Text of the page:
Posted by: Francesca | February 21, 2017

McCormick, Green, and Shaw Private Collection

[This blog post was written by Elizabeth Crowder with the Private Collections of the Special Collections Section of the State Archives of North Carolina.]

Under the supervision of Fran Tracy-Walls, Private Manuscripts Archivist at the State Archives of North Carolina, I have arranged and described the McCormick, Green, and Shaw Collection (PC.2130). This work was made possible through generous funding bequeathed to the North Carolina Genealogical Society by the estate of the late Frances Holloway Wynne.

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Bill of sale for Daniel McCormick’s purchase of Nelly McCormick, Sarah (mother), and Sally (daughter). [1828]

Private collections can be a valuable source of information for researchers tracing slave ancestry. In honor of Black History Month, this post examines the life of Nelly McCormick (born ca. 1799) as revealed in the contents of the McCormick, Green, and Shaw Collection. The earliest reference to Nelly McCormick is found in the collection’s “Miscellaneous” series. An 1821 bill of sale indicates that Archibald Smith sold his current and future interest in Nelly and her offspring to a James Campbell. Nelly is identified as the daughter of Sarah. She is also referred to as the property of John Smith, Archibald’s father. Nelly passed to John Smith’s wife, Catherine (perhaps Archibald’s stepmother—he never refers to her as his mother), for Catherine’s lifetime. All the parties involved were likely residents of Cumberland County, NC. Though no record of John Smith’s death and/or estate has been found, the 1830 federal census lists a Catharine Smith as a resident of Cumberland County and the owner of three slaves.

According to the McCormick papers in PC.2130, Nelly was sold to Daniel McCormick of Cumberland County in April 1828. McCormick purchased her, her mother Sarah, and her daughter Sally from John E. Smith, likely a son of the John Smith mentioned above. Sarah’s age is given as “between sixty and seventy years,” making her birth year between 1758 and 1768. Nelly’s age is given as “about twenty-three years,” making her birth year approximately 1805. Sally is identified as six months old, meaning that she was born in late 1827.

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John Smith’s 1864 letter demanding Nelly, Sally, and Rachel from Daniel McCormick.

After 1828, no details of Nelly McCormick’s life emerge for more than thirty years. But in 1864, John E. Smith’s son demanded Nelly, Sally, and Rachel (presumably another daughter of Nelly’s) back from Daniel McCormick. Whatever the result of the lawsuit Smith threatened, Nelly remained tied to the McCormick family. The ledgers of John McCormick, Daniel McCormick’s son, contain an 1866 account for Nelly McCormick, who either purchased food items from him or received pay for her labor in those same items.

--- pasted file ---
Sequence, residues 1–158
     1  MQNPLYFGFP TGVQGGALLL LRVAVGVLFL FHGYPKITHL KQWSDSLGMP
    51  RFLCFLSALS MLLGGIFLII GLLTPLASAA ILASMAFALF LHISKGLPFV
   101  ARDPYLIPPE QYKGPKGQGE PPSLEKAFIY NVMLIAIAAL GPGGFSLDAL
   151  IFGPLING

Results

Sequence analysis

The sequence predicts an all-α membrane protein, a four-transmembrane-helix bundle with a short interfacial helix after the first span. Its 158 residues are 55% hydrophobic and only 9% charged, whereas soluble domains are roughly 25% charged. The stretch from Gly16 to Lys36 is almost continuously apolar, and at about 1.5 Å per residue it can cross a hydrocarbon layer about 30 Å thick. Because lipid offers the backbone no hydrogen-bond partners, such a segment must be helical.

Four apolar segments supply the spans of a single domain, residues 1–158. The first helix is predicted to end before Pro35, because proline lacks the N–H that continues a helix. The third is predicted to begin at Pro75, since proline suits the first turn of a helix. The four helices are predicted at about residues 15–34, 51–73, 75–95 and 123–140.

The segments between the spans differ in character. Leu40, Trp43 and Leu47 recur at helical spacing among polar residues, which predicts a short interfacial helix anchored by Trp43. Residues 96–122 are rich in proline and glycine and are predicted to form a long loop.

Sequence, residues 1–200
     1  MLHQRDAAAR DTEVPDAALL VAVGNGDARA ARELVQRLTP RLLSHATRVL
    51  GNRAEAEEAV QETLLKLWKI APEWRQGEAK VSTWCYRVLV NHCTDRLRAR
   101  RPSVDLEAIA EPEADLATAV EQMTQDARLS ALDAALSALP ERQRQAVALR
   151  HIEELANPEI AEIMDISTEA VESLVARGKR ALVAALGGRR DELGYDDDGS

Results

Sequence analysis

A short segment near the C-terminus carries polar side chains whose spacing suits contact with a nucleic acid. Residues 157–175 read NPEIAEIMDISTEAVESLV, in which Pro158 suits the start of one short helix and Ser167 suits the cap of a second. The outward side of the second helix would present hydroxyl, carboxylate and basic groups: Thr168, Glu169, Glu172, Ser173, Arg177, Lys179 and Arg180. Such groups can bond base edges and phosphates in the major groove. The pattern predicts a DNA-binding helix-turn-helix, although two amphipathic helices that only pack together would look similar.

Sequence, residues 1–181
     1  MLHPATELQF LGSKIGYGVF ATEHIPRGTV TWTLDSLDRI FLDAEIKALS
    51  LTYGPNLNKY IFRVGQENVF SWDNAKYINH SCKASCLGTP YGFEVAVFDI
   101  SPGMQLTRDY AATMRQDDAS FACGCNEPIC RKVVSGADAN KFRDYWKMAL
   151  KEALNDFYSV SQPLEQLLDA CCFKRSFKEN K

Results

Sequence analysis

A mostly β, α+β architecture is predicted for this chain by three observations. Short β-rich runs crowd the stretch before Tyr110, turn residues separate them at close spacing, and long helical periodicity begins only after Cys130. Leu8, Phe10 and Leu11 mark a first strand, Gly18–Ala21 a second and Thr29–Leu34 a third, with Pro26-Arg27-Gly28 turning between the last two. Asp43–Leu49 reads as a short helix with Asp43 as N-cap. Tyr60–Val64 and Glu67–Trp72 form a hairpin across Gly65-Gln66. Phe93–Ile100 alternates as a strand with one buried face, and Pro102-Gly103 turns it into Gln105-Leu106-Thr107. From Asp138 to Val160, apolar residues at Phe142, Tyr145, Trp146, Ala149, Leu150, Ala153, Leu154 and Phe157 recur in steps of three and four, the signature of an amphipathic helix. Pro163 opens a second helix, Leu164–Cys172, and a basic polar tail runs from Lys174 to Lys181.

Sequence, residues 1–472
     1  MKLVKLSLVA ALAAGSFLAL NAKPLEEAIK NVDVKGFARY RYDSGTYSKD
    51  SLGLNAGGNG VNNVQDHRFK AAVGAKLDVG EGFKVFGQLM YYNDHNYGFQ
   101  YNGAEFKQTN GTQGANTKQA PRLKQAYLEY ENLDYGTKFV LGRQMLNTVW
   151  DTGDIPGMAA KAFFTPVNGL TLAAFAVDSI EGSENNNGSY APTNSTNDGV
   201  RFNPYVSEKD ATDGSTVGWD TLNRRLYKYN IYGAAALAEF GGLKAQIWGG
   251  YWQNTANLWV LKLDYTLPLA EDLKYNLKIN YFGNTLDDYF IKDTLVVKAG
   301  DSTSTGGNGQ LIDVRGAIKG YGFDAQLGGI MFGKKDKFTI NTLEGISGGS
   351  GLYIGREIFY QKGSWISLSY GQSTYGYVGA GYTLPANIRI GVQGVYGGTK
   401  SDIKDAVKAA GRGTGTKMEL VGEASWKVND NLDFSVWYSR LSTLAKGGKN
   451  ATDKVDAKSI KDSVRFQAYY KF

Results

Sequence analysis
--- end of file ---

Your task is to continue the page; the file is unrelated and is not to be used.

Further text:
While Nelly’s life cannot be traced beyond 1866, census and marriage records may provide insight into the lives of one of her children and two of her grandchildren. The 1880 federal census lists a twenty-year-old Nelly McCormick as a servant and farmhand in the household of John McCormick and his wife, Grissella. A Cumberland County marriage license dated June 3 of that same year records the union of Robert Allen and twenty-six-year-old Sarah McCormick, daughter of Sally McCormick and Porter Williams. The aforementioned Nelly and Sarah McCormick may well have been sisters. Both of them could have been the daughters of Sally McCormick, Nelly’s daughter born around 1827.

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Nelly McCormick’s 1866 purchases recorded in John McCormick’s account book.

For additional slave records in the McCormick, Green, and Shaw Collection, see PC.2130.1, folder 2; PC.2130.4, folder 4; and PC.2130.5, folder 5. The accounts, bills of sale, and wills therein identify many slaves’ names and owners. A search of census, marriage, birth, and death records may well provide insight into their lives after emancipation and the Civil War.

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Responses

  1. […] also in honor of Black History Month, February 2017, a blog post written by Elizabeth Crowder, about the McCormick, Green, and Shaw Collection. […]

  2. Thanks for sharing this information it was very helpful. Great Work and i enjoyed it and hope you all continue to share more of this history .


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